Hawaii volcano could blow within a week, launching boulders the size of fridges miles into the air, experts warn
Hawaii’s authorities have also scrambled to move tens of thousands of gallons of highly flammable chemicals – enough to create an explosion more than a mile wide – from the lava’s path
Hawaii’s Kilauea volcano could blow its top within a week – and if it does, it could hurl boulders the size of refrigerators miles into the air, shutting down airline traffic and endangering lives in all directions, scientists said Thursday.
“If it goes up, it will come down,” said Charles Mandeville, volcano hazards coordinator for the US Geological Survey. “You don’t want to be underneath anything that weighs 10 tons when it’s coming out at 120 miles per hour.”
The remarks came as Hawaii authorities scrambled to move tens of thousands of gallons of highly flammable chemicals – enough to create an explosion more than a mile wide – from the lava’s path and the state’s governor warned that mass evacuations might be needed as the volcano’s eruption became more violent.
Geologists have warned that Kilauea may be entering a phase of explosive eruptions, the likes of which Hawaii has not seen in nearly a century, that could hurl “ballistic blocks” and dust towns with volcanic ash and smog.
“We know the volcano is capable of doing this,” Mandeville said, citing similar explosions at Kilauea in 1924, 1790 and four other times in the last few thousand years. “We know it is a distinct possibility.”
Mandeville would not estimate the likelihood of such an explosion, but said that the internal volcanic conditions are changing in a way that could lead to a blast in about a week. A summit blast could also release steam and sulphur dioxide gas. The volcano’s internal plumbing could still prevent an explosion.
The added threat of an explosive eruption could ground planes at one of the Big Island’s two major airports and pose other dangers. Officials at the national park around the volcano announced that it would close because of the risks.
The problem, Mandeville said, is that the lava lake at the summit of Kilauea is draining fast – about 6.5 feet (2 metres) per hour.
The lava levels in the lake are dropping because lava is spewing out of cracks elsewhere in the mountain, lowering the pressure that filled the lava lake.
In little more than a week, the top of the lake has gone from spilling over the crater to almost 970 feet (295 metres) below the surface as of Thursday morning, he said.
“This is a huge change. This is three [American] football fields going down,” Mandeville said.
The fear is that it will go below the underground water table – another 1,000 feet further down – and that would trigger a chain of events that could lead to a “very violent” steam explosion, Mandeville said.
At the current rate of change, it is estimated, that is about six or seven days away.
Once the lava drops, rocks that had been superheated could fall into the lava tube. And once the lava drops below the water table, water hits rocks as hot as almost 2,200 degrees (1,200 degrees Celsius) and flashes into steam. When the water hits the lava, it also steams. And the dropped rocks hold that steam in until it blows.
A similar 1924 explosion threw pulverised rock, ash and steam as high as 5.4 miles into the sky (9 kilometres) for a couple of weeks. If it happens again, the danger zone could extend about 3 miles (5 kilometres) around the volcano, Mandeville said.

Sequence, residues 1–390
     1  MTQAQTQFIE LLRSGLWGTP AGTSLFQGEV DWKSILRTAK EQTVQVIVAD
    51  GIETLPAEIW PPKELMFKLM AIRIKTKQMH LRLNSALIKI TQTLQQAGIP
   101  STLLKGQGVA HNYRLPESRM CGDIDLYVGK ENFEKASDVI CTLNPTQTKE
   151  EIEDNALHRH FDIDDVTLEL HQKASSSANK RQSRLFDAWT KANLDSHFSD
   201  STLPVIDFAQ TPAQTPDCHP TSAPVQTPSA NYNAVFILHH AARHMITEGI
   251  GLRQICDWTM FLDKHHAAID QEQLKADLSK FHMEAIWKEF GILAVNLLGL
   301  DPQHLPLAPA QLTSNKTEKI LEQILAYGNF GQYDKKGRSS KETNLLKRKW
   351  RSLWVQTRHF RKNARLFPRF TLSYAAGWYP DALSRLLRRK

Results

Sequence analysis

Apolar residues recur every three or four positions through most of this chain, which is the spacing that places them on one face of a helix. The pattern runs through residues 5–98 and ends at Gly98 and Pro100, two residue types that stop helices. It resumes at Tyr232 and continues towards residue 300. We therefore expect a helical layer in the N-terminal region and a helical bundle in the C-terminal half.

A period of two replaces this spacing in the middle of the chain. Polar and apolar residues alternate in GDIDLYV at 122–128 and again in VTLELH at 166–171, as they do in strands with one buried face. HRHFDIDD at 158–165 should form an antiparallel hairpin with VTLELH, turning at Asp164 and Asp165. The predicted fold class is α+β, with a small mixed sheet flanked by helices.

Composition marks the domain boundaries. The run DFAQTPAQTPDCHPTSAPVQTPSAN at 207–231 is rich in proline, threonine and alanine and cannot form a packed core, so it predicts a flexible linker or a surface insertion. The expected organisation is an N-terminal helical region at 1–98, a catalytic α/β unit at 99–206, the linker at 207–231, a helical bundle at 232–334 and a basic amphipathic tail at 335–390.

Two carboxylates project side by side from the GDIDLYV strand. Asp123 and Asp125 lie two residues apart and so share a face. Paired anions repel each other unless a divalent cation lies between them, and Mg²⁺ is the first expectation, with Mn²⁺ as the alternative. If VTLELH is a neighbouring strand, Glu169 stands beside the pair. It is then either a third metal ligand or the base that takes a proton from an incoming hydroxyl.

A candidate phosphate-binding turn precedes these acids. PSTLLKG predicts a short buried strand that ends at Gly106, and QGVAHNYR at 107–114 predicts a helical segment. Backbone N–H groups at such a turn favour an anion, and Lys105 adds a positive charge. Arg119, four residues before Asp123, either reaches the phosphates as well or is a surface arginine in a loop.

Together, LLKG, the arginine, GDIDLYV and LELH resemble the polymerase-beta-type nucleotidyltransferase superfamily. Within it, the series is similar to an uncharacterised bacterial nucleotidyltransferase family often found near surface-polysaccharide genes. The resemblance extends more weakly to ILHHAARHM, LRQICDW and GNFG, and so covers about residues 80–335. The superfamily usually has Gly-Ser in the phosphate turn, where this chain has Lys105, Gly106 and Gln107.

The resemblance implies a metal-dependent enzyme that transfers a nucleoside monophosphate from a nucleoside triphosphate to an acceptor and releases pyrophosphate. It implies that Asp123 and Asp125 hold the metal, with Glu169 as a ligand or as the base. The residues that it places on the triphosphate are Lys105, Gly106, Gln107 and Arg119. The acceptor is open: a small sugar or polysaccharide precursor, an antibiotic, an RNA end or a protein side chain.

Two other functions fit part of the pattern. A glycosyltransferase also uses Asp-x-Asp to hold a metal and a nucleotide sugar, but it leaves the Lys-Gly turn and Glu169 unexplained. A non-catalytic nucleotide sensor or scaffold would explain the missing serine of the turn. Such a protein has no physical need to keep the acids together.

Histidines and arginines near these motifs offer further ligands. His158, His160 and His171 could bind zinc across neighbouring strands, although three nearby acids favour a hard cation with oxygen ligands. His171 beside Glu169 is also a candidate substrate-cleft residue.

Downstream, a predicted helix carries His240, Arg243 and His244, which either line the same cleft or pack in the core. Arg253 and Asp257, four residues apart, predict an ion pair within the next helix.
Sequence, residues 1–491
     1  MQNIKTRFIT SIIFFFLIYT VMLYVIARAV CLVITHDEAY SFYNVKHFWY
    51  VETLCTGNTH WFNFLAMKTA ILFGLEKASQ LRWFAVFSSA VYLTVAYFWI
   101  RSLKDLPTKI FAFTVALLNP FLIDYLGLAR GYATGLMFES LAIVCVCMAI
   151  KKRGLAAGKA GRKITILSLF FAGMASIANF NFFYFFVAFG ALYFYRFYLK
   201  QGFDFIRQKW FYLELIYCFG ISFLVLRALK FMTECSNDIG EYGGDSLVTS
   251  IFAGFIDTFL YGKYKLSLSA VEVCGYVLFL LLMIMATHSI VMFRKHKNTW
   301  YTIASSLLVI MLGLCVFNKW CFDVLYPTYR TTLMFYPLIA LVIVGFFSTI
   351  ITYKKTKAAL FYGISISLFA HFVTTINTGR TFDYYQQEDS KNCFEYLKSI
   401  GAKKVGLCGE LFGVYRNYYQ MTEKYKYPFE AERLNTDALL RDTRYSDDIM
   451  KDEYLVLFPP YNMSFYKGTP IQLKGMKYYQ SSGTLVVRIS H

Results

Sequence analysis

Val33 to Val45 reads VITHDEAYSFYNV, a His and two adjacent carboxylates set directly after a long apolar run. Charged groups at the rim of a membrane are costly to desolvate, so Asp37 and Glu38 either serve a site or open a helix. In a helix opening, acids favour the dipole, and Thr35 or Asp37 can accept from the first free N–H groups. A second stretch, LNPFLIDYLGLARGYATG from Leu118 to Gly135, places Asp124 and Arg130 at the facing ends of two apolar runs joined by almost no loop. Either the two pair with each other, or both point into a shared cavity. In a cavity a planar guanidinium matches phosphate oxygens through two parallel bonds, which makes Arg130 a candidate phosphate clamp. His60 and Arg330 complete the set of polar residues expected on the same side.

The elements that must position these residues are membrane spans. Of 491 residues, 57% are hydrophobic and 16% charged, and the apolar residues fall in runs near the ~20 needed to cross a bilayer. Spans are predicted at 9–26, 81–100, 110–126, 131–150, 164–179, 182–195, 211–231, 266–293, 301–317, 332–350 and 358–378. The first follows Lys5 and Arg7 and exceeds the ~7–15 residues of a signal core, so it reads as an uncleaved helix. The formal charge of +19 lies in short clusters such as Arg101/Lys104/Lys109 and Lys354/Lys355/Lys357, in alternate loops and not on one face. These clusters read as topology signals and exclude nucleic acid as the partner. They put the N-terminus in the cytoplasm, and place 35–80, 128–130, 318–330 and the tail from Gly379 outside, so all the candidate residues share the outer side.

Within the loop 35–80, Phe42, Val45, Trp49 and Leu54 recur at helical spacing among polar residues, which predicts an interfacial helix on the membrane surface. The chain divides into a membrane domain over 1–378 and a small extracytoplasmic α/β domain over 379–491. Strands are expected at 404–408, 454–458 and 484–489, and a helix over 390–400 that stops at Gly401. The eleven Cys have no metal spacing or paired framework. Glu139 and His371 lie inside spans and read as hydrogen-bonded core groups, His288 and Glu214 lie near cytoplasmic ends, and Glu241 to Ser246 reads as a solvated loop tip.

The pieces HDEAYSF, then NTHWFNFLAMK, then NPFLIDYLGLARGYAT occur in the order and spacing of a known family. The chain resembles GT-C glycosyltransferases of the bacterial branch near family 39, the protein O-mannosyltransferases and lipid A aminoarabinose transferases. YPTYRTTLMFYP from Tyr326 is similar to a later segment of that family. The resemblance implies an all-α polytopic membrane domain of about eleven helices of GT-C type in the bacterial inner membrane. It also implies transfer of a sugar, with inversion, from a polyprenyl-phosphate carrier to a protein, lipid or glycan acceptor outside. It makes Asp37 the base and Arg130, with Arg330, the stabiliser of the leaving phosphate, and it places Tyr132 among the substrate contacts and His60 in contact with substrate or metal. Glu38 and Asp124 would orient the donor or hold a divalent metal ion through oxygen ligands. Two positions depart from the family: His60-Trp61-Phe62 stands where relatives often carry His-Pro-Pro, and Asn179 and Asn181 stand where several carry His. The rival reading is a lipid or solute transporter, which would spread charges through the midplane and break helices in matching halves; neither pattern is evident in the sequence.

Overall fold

After a new fissure opened on Wednesday a half mile (0.8km) from a geothermal power plant, Hawaii Governor David Ige set up a task force to remove the pentane fluid used in the plant’s turbines. If the chemical ignites, the resulting explosion could create a blast radius of up to 1 mile (1.6km), Ige said.
The Puna Geothermal Venture plant sits at the edge of the Leilani Estates residential area on Hawaii’s Big Island, where lava from 15 volcanic fissures has so far destroyed 36 structures, most of them homes, and forced the evacuation of about 2,000 residents.
A new area just to the west of the residential area was evacuated on Wednesday after toxic clouds of sulphur dioxide started shooting up through cracks in a road, County of Hawaii Civil Defence reported.
“As more fissures open and toxic gas exposure increases, the potential of a larger scale evacuation increases,” Ige wrote in a post on Twitter Wednesday evening.
“A mass evacuation of the lower Puna District would be beyond current county and state capabilities, and would quickly overwhelm our collective resources,” Ige tweeted, saying in a separate post he had requested federal disaster assistance.
The lower part of the Puna District, of which Leilani Gardens is a part, covers dozens of square miles and is home to many thousands of residents. It has the highest possible hazard rating for lava flows, according to the US Geological Survey.
A large explosion in Kilauea sent up a column of ash on Wednesday that blew to the south-southwest, the USGS said.
Surfers bobbing in the ocean off Kona on the west side of the island complained of volcanic smog, known as vog, that could be seen in a haze over the coast.
“Does that hat protect against vog?” one surfer was heard quipping to another about the floppy sun hat he was wearing.
In the village of Pahoa, about 24 miles (39km) from Kilauea, school closures have added to a sense of disarray and ramped up stress levels, said gallery owner Amedeo Markoff, 49.
“It’s like our version of a snow day – a lava day,” joked Markoff, as his 10-year-old son Kai sat next to him in their business.
Magma is draining out of the volcano’s sinking lava pool and flowing underground tens of miles eastward before bursting to the surface in and around homes on Kilauea’s eastern flank, just a few miles from Pahoa.